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First Drive

First published: 20th July 2016

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First Drive

2016 Renault Megane 1.5 DCi 110 manual first drive review

Like previous Meganes, the latest version of Renault's family hatchback aims to appeal to buyers with its style and technology. So, is it a winning formula?

First published: 20th July 2016
Auto Trader Verdict:
The latest Renault Megane doesn’t trouble the very best cars in the family hatchback class, because it falls a little short on quality, practicality and driving manners. That said, it’s still a reasonably compelling proposition. It looks great, it’s affordable to buy and run, and it comes packed with kit. For many buyers, that’ll be enough.
Need to know:
  • New version of Renault’s five-door family hatch
  • Built on Nissan Qashqai platform, packed with luxury kit
  • On sale now, with range starting at £16,600
What is it?
The latest version of Renault’s compact family hatchback, a car that, traditionally, has been something of an also-ran in its class. It was never short of style, but it never had the comfort and class of a Volkswagen Golf, or the fun and frugality of a Ford Focus. As a result, the outgoing model never really struck that much of a chord with the demanding British car buyer, or with us.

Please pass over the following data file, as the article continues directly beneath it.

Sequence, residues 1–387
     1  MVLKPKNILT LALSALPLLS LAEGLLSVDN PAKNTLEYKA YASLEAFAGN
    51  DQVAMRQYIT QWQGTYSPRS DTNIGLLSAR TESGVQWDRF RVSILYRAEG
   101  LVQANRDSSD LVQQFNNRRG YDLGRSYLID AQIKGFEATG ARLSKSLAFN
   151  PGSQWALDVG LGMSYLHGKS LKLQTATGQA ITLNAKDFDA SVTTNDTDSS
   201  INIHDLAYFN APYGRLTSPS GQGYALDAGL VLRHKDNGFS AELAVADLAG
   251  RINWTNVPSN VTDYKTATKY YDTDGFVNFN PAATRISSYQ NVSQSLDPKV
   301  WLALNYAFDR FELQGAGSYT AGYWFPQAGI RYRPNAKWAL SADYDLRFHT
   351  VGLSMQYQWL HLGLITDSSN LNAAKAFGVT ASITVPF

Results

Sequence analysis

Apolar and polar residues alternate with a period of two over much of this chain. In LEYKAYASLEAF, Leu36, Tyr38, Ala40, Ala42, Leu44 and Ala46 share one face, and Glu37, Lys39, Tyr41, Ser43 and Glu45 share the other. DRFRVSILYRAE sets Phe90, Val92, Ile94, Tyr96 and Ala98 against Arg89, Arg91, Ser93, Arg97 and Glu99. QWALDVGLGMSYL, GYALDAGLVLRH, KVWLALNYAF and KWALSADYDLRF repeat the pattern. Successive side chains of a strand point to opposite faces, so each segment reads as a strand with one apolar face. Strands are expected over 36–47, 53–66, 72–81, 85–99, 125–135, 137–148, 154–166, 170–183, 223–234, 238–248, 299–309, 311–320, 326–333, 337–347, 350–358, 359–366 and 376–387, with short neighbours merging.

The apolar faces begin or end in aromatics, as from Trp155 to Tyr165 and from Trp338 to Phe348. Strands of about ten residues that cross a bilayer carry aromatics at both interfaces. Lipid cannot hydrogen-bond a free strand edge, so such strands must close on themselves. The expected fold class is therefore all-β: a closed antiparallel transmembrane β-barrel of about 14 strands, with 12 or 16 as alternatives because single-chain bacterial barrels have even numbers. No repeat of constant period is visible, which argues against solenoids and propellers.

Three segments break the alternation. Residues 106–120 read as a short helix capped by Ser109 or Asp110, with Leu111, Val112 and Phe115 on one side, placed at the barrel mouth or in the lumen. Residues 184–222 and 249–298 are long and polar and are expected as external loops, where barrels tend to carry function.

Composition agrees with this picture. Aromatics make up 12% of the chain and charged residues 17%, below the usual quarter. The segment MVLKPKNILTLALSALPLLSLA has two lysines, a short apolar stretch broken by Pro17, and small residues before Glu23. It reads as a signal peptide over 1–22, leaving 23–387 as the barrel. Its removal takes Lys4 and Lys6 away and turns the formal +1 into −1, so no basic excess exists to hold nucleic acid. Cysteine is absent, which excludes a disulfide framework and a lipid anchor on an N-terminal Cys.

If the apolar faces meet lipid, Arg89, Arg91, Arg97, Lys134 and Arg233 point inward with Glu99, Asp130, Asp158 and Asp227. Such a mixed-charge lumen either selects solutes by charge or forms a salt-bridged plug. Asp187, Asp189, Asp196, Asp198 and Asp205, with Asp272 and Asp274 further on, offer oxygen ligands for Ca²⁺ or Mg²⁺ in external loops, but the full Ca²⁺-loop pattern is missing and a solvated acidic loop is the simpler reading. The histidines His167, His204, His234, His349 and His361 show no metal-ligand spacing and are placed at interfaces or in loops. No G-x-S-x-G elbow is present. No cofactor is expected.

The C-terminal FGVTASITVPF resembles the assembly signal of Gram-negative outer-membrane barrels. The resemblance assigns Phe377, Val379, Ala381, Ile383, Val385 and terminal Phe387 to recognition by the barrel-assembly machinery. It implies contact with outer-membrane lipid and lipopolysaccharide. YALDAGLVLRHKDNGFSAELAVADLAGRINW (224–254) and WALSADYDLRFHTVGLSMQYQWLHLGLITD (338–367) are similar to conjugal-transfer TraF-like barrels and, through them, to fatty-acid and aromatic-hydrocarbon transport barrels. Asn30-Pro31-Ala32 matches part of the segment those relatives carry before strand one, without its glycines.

In theory at least, the new car seems to be off to a much better start in life. It’s built on the same platform as the Renault Kadjar and Nissan Qashqai, cars that are the best of their type (albeit compact SUVs) to drive, and it uses pretty much the same range of engines. Renault has also thought hard about the type of buyer it wants to attract, and to that end, the new car is absolutely packed with technology and flamboyantly styled.

You might recognise the C-shaped headlamp design, complete with LED daytime running lights on every model, from other recent Renault models. There’s plenty more of interest besides, with all sorts of curves and creases, leading to the elongated tail lights that stretch almost right across the rear end.
What is it like?
Inside the car, proceedings are dominated by an 8.7-inch portrait touch-screen infotainment system. At least, they are on mid-range Dynamique S cars and above; lower-end models get the same 7.0-inch landscape screen found on other small Renaults. The portrait arrangement immediately gives the cabin a high-tech feel, and the extra screen size does make the R-Link 2 system easier to navigate, although it’s still not the most intuitive system of its type.